The deadline for Slovenian President Borut Pahor to nominate the country’s next prime minister will pass today.
Elections last month left Slovenia’s parliament highly fragmented, with the anti-immigrant Slovenian Democratic Party (SDS) leading the vote, but falling well short of a majority with just 25 of the country’s 90 seats in parliament. While the president originally nominated SDS leader Janez Jansa for the prime ministership, most parties have refused a coalition with the populist party.
Slovenia’s parliament will now have 14 days to propose a candidate to lead the country’s next government. While Jansa will likely continue his push for a coalition, another possibility is a six-party medley lead by the centre-left List of Marjan Sarec party. With the proposed coalition consisting of parties across the political spectrum, however, such a government could quickly find itself hamstrung, making fresh elections a possibility.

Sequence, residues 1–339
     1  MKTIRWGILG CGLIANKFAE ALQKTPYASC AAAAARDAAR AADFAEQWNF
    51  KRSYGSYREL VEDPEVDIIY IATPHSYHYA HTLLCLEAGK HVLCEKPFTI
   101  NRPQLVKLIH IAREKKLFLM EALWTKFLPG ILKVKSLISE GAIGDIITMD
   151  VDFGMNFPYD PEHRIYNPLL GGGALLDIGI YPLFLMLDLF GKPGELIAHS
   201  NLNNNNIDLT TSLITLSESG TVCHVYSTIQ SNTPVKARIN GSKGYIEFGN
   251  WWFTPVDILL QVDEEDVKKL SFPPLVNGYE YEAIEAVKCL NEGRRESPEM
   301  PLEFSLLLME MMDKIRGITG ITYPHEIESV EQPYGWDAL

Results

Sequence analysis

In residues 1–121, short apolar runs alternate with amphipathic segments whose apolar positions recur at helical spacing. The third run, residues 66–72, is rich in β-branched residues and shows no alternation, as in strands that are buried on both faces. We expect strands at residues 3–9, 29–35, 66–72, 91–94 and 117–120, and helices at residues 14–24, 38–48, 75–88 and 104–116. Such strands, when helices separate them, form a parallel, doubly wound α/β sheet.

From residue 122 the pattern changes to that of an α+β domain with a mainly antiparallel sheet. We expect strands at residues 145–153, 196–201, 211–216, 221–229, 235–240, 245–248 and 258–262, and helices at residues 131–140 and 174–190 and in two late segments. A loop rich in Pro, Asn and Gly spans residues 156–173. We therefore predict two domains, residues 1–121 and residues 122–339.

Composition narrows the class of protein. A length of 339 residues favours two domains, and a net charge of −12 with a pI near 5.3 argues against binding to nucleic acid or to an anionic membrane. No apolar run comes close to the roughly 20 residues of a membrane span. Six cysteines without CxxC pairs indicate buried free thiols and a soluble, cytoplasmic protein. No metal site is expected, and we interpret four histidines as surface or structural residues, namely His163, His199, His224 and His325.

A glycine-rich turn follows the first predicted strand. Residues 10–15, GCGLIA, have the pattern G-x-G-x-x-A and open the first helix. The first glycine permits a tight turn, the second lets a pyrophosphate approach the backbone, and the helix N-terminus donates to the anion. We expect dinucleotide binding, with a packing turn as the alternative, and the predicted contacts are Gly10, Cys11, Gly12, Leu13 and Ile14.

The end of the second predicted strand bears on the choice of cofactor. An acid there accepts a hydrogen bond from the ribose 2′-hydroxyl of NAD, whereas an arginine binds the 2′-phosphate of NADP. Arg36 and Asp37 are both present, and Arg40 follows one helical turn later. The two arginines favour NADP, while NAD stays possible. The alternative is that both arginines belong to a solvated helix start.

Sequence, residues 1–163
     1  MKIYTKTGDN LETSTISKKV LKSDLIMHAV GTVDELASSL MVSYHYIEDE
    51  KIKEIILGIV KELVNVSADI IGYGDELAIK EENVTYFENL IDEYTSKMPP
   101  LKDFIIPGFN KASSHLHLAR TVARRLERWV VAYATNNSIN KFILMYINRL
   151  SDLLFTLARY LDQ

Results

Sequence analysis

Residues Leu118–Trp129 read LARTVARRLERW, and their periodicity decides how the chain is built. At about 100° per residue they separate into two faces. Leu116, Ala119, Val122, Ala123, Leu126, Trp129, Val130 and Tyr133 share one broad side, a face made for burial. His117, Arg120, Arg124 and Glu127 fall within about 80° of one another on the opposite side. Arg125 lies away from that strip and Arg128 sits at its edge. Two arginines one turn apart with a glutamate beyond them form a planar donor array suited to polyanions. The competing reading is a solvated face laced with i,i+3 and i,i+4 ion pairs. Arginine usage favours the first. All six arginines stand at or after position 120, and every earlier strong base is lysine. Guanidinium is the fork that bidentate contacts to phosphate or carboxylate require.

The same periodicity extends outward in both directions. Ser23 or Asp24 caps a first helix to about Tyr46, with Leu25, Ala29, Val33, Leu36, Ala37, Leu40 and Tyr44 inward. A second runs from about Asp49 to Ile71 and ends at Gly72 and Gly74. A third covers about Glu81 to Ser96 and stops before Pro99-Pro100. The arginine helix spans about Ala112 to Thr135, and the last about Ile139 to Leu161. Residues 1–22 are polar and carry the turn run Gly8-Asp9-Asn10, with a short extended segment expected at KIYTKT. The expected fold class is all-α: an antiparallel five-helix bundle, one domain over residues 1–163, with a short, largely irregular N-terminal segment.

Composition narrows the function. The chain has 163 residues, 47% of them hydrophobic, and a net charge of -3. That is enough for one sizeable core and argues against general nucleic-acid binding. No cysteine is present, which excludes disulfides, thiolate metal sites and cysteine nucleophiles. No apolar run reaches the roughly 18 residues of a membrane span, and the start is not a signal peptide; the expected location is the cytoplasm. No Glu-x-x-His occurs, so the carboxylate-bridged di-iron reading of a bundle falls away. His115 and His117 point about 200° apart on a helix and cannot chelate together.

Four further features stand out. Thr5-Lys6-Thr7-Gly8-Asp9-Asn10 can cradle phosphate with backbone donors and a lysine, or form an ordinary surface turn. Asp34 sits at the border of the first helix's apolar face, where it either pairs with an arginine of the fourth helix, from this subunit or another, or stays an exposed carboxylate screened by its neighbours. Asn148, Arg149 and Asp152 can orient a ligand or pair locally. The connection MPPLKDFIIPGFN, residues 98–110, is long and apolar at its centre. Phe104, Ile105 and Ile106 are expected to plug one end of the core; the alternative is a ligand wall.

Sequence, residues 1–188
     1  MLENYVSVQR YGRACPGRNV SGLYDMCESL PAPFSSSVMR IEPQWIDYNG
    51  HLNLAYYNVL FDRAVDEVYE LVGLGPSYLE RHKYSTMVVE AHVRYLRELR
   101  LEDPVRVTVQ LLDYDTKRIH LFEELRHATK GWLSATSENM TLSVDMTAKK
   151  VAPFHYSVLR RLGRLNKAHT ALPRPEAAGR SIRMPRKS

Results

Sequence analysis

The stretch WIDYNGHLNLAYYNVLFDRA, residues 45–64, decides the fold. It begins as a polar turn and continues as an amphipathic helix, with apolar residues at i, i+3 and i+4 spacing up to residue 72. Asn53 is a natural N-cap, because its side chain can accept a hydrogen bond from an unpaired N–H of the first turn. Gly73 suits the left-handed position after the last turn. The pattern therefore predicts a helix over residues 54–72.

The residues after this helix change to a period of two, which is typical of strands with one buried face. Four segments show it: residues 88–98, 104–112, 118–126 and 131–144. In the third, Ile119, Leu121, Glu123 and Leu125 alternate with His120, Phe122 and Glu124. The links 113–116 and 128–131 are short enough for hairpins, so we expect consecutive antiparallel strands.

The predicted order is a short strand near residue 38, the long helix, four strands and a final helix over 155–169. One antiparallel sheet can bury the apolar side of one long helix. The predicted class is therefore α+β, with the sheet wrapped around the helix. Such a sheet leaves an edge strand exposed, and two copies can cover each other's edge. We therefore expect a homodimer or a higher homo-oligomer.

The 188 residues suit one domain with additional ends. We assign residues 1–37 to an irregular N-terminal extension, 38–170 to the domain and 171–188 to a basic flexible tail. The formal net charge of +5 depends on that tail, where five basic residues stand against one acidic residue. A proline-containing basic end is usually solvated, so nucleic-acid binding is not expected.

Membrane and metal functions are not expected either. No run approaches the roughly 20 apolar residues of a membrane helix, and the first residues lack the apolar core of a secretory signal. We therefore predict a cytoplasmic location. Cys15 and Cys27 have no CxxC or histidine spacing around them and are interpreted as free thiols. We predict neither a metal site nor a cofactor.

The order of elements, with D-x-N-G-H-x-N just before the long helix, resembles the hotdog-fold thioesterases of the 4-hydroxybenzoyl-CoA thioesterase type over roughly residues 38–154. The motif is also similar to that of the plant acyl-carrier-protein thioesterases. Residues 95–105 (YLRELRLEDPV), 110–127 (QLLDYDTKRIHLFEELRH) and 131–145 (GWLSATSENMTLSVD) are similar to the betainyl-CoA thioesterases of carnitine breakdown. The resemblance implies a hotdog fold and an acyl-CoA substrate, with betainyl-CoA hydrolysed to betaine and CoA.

Of course, if no coalition is formed in the next two weeks, Slovenians will need to head to the polls anyway later this year. But with parliament so fragmented and Slovenian politics currently highly divisive, there is no guarantee another election will resolve the deadlock.
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Alex is a senior analyst in the Current Developments team with a primary focus on the Americas. He also serves as an editor on The Daily Brief.